Normal amniotic fluid is
clear to light yellow in color and does not contain any harmful bacteria. The
cells can be tested for problems.
Cells from your fetus are looked at carefully
for the proper number and arrangement of the cell parts (chromosomes) that show genetic disease. Normally there
are 46 chromosomes in each cell, arranged in 23 pairs. Chromosomes also tell
the gender of your fetus.
The amounts of some substances in the
amniotic fluid may be measured. These results can find some birth defects,
genetic diseases, and the maturity of your fetus.
What Affects the Test
Reasons you may not be able to
have the test or why the results may not be helpful include:
If there is blood from your fetus in the amniotic fluid. This can
falsely increase the level of the substances alpha-fetoprotein (AFP) and
acetylcholinesterase (AChE) levels, which test for
neural tube defects.
If the amniotic fluid
is exposed to light. This can falsely lower bilirubin levels.
there is blood or meconium in the fluid. This may cause an incorrect result for
the test that checks to see whether your baby’s (fetus’s) lungs are
What To Think About
Normal results from amniocentesis do not
guarantee that your fetus will be healthy.
Amniocentesis is not done as a general screening test for birth
defects, because it has some risk to your fetus and cannot find some common
birth defects. There is a chance (about 1 out of 400) that this test may cause a
miscarriage.1 In some studies, the risk is a little
higher, about 2 to 4 out of 400.2 Amniocentesis can be
done to help you prepare if your fetus has a possible birth defect or to help
you make a decision about ending the pregnancy if a serious problem is found.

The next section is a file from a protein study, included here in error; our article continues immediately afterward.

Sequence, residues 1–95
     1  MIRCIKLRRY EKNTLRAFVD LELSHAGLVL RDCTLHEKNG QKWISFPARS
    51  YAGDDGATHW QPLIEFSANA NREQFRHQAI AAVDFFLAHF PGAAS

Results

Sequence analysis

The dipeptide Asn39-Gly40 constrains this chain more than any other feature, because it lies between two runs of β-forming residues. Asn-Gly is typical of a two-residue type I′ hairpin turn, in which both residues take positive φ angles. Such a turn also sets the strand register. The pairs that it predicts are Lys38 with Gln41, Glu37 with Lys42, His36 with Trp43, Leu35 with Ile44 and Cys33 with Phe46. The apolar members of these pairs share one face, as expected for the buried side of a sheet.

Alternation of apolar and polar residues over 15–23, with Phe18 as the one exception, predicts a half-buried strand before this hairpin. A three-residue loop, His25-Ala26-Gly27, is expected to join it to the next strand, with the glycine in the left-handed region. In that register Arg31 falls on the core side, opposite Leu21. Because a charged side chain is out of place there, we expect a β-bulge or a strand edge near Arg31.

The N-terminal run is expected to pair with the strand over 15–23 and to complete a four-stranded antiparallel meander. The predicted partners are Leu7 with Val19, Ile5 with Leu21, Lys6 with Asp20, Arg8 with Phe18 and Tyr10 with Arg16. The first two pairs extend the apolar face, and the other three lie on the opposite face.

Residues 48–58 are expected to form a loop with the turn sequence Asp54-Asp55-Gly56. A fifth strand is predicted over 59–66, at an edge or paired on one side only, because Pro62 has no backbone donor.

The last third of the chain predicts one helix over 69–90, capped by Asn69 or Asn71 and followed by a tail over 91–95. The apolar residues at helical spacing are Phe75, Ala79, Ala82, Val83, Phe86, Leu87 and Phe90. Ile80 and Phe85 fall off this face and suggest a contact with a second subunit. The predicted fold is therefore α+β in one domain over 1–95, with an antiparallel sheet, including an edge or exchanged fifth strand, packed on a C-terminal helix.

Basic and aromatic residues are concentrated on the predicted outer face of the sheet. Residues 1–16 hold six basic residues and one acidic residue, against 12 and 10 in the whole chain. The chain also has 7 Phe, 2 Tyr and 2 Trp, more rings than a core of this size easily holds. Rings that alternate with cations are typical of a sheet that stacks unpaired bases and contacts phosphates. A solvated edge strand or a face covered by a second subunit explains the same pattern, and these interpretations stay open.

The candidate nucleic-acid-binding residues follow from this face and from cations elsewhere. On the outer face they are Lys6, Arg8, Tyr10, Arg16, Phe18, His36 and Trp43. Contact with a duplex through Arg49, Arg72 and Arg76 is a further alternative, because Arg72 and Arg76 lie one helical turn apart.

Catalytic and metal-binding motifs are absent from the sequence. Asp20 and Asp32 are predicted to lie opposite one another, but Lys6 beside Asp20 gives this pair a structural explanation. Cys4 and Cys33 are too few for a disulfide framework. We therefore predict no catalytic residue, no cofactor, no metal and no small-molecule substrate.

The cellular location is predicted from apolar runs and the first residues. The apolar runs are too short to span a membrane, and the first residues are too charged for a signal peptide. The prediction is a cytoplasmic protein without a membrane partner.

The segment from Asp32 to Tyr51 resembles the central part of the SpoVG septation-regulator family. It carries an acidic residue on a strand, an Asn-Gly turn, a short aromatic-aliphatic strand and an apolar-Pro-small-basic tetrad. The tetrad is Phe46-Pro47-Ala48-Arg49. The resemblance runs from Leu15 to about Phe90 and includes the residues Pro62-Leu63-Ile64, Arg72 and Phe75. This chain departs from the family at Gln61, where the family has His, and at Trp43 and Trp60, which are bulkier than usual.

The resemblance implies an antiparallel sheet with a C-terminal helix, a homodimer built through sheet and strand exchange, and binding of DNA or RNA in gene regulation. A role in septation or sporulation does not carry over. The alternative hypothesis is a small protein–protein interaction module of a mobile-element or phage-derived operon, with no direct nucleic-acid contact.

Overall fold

For more information about amniocentesis in early pregnancy, see:
In very rare cases, amniocentesis may be done before 15 weeks of pregnancy. This is rare, because there may be greater risks to your fetus. Talk to your doctor about the risks and benefits of early amniocentesis.
Amniocentesis cannot be done easily if the amount of
amniotic fluid is very small or if the placenta is in front of your
Chorionic villus sampling (CVS) is another test that
can find many fetal problems. CVS can be done earlier in pregnancy (at about 10
to 12 weeks) than amniocentesis, and results are ready sooner. It can find more
than 100 genetic diseases. One study showed that CVS also has about a 1-out-of-400
chance of miscarriage when it is done by a highly trained provider.1 CVS cannot be used to find neural tube defects. For more
information, see the topic
Chorionic Villus Sampling (CVS).
Amniocentesis has a very small
chance of causing bleeding that could lead to mixing your blood and your
fetus's. So if you have Rh-negative blood, you will be given a vaccine (RhoGAM)
to prevent Rh sensitization, which could harm your fetus if he or she has
Amniotic fluid has cells that have been shed by
your developing fetus. The cells are checked for the number and size of
chromosomes (karyotype) to see if there are any problems. For more information,
see the topic
If you have abnormal results from amniocentesis, you should ask
your doctor or a
genetic counselor for help in making decisions about
the problems your fetus may have and about continuing the pregnancy. It will
also be helpful to understand your possible risks with future